It’s a day that will live in infamy, Jan. 6, 2021, when a mob attacked the U.S. Capitol, vandalized and ransacked the venerable building, and was driven out by National Guard units and Capitol Police with some loss of life.
Prior to Jan. 6, 2021, few Americans could visualize that ever happening. The natural response here in Otsego County, as throughout our United States, is horror, sadness and fear for the future.
Illuminatingly, the AllOTSEGO.com daily poll that sought readers’ opinions on the next steps found people chose the mildest options by a large majority.
For instance, as of Tuesday morning, July 12, most of the respondents – 35.4 percent – chose, “He should finish term, ending with Joe Biden’s inauguration,” he being President Trump.
Second – 27.43 percent – chose, “He should resign.”
That’s 62.83 percent combined.
By contrast, only 18.58 percent said he should be impeached, and even fewer, 13.24 percent, opted for prosecution.
That’s 31.82 percent in favor of the most extreme resolution, about half the 62.83 percent opting for closing the door and moving on.
It can be said, applying Otsego County sentiment to the national scene, that many, many Americans were and are looking forward to closing the door on the Trump Administration.
That’s not because its accomplishments are not recognized – finally pushing back against China, job creation and a ticking up of manufacturing, less chaos at the border, a booming stock market, a fresh and promising approach to Israel. There’s much to like.
It’s the exhausting and constant strife that test the national patience.
It takes two to tangle, but it’s the rare individual who doesn’t recognize President Trump as a provocateur.
The Democrats, with one impeachment rejected and another in the offing, played a role, too, of course.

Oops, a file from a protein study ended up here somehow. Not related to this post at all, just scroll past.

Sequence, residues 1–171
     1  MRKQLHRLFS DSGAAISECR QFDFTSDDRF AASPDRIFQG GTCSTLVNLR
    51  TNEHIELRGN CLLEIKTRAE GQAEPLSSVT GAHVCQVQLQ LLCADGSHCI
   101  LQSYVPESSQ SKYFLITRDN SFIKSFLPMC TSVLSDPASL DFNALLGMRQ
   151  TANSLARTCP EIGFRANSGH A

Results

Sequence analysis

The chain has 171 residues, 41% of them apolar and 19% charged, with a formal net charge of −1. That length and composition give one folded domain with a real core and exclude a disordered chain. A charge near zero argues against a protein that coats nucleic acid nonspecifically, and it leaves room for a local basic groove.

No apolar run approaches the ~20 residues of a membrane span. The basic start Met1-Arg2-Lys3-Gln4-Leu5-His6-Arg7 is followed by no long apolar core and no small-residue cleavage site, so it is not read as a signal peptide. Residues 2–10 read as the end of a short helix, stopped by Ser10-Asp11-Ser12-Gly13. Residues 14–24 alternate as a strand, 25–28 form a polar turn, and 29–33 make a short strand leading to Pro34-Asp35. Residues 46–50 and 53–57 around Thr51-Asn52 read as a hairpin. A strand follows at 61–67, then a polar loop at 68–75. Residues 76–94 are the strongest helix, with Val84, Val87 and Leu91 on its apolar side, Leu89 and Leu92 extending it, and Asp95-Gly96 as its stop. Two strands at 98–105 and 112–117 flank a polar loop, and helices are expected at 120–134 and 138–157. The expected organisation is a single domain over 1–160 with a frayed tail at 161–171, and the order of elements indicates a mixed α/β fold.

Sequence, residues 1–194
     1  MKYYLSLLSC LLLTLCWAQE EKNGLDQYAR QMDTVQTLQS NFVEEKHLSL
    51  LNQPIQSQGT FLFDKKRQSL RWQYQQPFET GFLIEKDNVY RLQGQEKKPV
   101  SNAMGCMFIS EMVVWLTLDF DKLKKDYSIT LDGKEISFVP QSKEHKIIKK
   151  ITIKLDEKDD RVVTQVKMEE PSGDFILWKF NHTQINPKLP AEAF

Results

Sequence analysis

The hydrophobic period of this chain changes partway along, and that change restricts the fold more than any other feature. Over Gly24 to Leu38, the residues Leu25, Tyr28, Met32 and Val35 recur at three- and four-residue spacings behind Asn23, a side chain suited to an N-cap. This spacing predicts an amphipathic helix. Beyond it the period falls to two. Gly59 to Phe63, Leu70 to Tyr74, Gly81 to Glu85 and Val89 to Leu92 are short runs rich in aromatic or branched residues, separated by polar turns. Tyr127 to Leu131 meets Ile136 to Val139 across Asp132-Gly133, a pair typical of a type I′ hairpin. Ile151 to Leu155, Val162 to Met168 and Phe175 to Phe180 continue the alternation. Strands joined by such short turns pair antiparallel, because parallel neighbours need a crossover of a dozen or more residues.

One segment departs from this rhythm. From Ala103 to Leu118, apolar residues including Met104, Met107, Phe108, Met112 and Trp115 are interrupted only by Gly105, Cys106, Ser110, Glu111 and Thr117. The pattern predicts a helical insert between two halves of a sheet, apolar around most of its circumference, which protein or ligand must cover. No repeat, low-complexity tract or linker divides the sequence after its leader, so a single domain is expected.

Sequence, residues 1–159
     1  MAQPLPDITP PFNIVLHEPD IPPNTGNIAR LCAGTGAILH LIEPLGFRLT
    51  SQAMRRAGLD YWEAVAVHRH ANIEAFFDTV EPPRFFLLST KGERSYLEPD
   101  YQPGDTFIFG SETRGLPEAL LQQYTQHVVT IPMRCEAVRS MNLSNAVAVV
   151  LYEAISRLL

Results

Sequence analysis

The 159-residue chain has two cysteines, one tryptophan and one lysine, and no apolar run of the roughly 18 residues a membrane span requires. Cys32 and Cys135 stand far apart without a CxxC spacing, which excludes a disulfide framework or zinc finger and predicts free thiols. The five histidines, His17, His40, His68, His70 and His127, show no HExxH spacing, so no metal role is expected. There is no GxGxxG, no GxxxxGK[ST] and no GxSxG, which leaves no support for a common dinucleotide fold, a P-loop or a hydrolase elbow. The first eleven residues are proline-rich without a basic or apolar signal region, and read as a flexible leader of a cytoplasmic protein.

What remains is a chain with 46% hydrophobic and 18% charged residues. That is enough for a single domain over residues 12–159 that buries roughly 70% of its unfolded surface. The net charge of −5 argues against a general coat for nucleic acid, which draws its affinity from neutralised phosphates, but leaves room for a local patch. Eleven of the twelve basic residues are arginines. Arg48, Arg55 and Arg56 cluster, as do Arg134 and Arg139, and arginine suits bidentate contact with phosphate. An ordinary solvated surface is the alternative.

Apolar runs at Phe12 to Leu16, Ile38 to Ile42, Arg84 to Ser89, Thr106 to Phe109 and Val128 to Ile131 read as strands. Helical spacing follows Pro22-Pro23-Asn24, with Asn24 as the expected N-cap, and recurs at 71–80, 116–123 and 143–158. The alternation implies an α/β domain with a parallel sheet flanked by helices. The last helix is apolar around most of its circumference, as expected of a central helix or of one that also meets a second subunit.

As of this writing, the future is unclear.
Short-term, however, let’s look forward with hope for a tranquil inauguration of the new president, and let’s hope a President Biden, who spent his career in the give-and-get atmosphere of the U.S. Senate, will move forward, as he has pledged, toward less disunity and more consensus.
Happily, the events of Jan. 6, 2021, ensure the Trump Era is at an end.
The shocking events and the role he played in the provocation will rule him out from a presidential bid in 2024 – or a bid by daughter Ivanka or his sons and son-in-law as well.
All this signals a healthier turn in the Republican Party. If Biden can achieve the unity he calls for, that will likewise derail more radical concepts coming from the Democrats – packing the Supreme Court and fast-tracking new states among them – further contributing to, not an “Era of Good Feelings, “ but perhaps to an “Era of Less-Bad Feelings.”
Further, the amount of electoral innovation this year – expanded early and absentee voting, a shifting in deadlines and established procedures, new technologies – is troubling to many.
With COVID-19 restrictions behind us by mid-year, and the rancor of the 2020 election ebbing, the whole question of what constitutes a sensible, secure election process should be revisited in we can only hope, an atmosphere of relative calm.